In the forward to author Emily Ansara Baines’ new Hunger Games-inspired cookbook (The Unofficial Hunger Games Cookbook, available now), Baines stresses the importance of food in the hit young adult fiction series: “It represents a variety of conflicts that the characters, regardless of background, must struggle against.” Whether food is empowering players during the competition or symbolizing deeper meaning—Baines notes that Katniss is named after a highly nutritious root—food is the backbone of Suzanne Collins’ books (and writer/director Gary Ross’ movie adaptations too). It’s right there in the title: Hunger Games.
Baines was inspired to pen a Hunger Games cookbook after devouring the trilogy during her day job as an in-house chef for a sound production facility in New York City. “It was my job to come up with a new ‘dish’ or ‘snack’ for the staff and our clients every day. I had been at the job for a while, and was running out of ideas. I was at the point in The Hunger Games when Katniss describes the bread Peeta purposely burns for her, the hearty bread with raisins and nuts. When I read Suzanne Collins’ description of the bread, I thought to myself, ‘Wow, that sounds delicious… I wonder if I could bake something like that!’ And, well, the rest is history.”
Once Baines found a home for her cookbook concept, she immediately jumped back into the books, highlighter in hand. “I highlighted every reference of food—it could be something as simple as an apple growing from a tree (which of course Katniss and the other members of her District would pick for food!) or a side condiment. Then I typed up the quote and page number in a word document, and then, and only then, did I start cooking up some recipes.” The careful analysis of Collins’ three books elevate The Unofficial Hunger Games Cookbook from culinary riff to a tome that the biggest HG fan can appreciate. Each collection of recipes—ranging from breakfast, stews, meat dishes, seafood, wild game and dessert items—is annotated and founded with snippets from Hunger Games, Catching Fire and Mockingjay. For those with a serious investment in authentically recreating the dishes, Baines also includes “Katniss’s Family Book of Herbs,” glossary of the rarer spices, roots and berries on the market.
Baines job involved more than digging up applicable dishes that would fit the Hunger Games bill, she also had to make the food—even the difficult and wild combinations. “The hardest recipes to make were the wild games ones, of course. Finding wild squirrel is really hard when you live in Brooklyn! I mean, I guess I could have hunted down some on my own, but I suck with a bow and arrow. I finally found a dude through the internet who was willing to sell me squirrel—but then he literally sent me a dead squirrel in a box, skin and eyes intact. So I screamed and threw that out. Luckily, I found more legal ways to get meat—mostly through the internet or my friends.”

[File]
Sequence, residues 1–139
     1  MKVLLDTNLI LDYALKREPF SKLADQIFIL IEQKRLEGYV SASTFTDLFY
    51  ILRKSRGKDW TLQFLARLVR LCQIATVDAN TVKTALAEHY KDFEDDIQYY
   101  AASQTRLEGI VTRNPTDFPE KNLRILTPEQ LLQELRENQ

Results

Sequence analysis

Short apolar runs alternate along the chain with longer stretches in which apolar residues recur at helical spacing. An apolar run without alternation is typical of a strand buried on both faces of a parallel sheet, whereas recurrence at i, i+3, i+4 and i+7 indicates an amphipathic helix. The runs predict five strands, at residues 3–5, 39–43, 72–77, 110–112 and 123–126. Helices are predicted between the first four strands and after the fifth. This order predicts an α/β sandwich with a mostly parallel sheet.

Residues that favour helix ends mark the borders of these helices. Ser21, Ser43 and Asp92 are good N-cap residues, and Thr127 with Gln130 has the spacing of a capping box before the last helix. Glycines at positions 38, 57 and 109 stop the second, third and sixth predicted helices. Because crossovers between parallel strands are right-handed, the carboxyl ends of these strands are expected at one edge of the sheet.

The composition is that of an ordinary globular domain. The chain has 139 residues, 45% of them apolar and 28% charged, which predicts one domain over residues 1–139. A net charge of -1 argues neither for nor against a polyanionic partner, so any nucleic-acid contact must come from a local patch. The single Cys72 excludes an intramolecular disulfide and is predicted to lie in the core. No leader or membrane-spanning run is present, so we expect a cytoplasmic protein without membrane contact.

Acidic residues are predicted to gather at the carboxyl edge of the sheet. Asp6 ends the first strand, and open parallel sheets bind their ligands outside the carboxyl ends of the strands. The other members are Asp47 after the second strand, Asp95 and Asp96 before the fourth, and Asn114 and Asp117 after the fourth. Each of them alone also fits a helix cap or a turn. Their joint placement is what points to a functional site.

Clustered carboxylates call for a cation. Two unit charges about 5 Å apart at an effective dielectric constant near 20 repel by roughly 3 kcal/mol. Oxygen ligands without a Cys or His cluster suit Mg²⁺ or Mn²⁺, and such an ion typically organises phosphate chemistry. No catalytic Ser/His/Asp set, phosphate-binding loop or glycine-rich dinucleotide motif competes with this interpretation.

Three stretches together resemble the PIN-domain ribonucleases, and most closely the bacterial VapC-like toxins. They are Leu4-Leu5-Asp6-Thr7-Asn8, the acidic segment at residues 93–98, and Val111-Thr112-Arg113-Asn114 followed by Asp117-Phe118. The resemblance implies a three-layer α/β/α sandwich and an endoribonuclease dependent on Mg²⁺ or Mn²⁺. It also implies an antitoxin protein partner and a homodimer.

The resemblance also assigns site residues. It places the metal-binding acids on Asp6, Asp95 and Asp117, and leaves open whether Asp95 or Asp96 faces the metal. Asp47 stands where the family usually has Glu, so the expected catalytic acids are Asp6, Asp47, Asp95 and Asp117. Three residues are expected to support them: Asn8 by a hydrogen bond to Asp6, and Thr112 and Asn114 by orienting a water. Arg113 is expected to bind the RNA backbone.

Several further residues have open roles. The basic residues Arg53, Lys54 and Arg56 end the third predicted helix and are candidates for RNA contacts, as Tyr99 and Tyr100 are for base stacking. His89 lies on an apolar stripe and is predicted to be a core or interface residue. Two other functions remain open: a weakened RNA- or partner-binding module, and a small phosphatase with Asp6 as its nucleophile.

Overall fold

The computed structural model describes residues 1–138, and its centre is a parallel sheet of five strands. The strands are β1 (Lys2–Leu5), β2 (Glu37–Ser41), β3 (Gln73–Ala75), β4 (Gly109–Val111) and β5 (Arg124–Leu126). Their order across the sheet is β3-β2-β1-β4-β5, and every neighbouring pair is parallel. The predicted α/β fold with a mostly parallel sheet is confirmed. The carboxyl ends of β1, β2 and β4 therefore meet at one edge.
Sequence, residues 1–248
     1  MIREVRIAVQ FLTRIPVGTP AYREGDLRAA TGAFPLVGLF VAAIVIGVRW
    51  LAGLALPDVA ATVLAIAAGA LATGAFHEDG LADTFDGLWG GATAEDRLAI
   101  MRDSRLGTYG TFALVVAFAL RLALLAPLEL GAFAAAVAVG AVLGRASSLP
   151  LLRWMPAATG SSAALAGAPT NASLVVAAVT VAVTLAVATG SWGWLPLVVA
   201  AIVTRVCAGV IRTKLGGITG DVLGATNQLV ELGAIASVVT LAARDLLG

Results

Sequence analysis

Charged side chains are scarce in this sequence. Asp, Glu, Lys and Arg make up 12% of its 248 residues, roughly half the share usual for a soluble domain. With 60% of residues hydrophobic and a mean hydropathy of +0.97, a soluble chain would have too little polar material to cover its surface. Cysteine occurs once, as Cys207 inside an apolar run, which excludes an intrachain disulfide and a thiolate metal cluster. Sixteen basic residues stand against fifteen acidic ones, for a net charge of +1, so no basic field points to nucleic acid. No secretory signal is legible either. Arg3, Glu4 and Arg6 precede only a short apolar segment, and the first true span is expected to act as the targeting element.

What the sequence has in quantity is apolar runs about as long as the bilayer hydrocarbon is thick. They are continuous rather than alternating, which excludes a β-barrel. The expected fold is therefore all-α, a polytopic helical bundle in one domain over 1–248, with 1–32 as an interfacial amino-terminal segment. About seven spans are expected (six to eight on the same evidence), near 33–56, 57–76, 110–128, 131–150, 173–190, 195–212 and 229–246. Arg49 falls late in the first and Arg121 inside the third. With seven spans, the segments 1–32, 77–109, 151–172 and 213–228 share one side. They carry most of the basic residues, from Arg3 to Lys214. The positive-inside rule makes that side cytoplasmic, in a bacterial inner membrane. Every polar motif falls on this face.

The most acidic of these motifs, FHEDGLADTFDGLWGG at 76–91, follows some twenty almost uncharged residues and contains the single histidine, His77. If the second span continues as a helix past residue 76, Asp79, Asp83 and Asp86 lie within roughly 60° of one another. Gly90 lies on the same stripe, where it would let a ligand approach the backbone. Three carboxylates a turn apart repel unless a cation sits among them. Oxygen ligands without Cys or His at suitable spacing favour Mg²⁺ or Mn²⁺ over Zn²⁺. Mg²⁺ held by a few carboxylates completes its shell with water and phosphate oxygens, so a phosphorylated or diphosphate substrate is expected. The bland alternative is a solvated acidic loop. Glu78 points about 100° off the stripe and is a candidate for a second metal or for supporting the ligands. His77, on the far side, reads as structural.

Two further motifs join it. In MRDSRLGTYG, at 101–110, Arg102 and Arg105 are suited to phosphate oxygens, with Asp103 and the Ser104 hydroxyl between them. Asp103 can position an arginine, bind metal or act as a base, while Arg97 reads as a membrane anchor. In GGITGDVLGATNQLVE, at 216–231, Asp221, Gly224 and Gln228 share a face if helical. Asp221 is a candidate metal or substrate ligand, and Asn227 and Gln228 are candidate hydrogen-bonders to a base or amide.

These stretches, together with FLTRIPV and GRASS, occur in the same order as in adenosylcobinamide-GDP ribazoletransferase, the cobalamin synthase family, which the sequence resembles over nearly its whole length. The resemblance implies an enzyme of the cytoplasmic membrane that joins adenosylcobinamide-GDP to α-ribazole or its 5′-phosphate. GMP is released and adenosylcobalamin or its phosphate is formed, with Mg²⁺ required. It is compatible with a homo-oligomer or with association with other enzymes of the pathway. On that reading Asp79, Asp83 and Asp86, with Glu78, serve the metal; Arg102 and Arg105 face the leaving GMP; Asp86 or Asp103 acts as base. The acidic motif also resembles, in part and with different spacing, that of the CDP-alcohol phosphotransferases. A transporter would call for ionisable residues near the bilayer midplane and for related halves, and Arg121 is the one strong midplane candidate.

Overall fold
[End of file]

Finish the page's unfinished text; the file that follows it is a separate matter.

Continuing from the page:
As for Katniss, Peeta and the rest of the gang’s big screen outing (which hits theaters March 23), Baines is confident the importance of food will remain intact, and in some ways, be amplified. “I think an excellent way to visually represent Katniss’ roots as compared to her new reality in the Capitol as a Tribute would to show her hunting/starving/eating nuts and berries, and then the readily available fattening feast of food that suddenly becomes available once she starts to train for the games. The shock on her face when she first sees how ‘the other half lives’ will be echoed by that of the movie’s audience when they can visually see just how different the food options are (and hopefully they’ll want to then taste the difference by using the recipes in my cookbook!).”
Check out this mouthwatering sample from The Unofficial Hunger Games Cookbook (click to enlarge), which is available now in both hardcover print and e-book editions.
Selection from The Unofficial Hunger Games Cookbook: From Lamb Stew to “Groosling” – More than 150 Recipes Inspired by The Hunger Games Trilogy (F+W Media, December 2011) by Emily Ansara Baine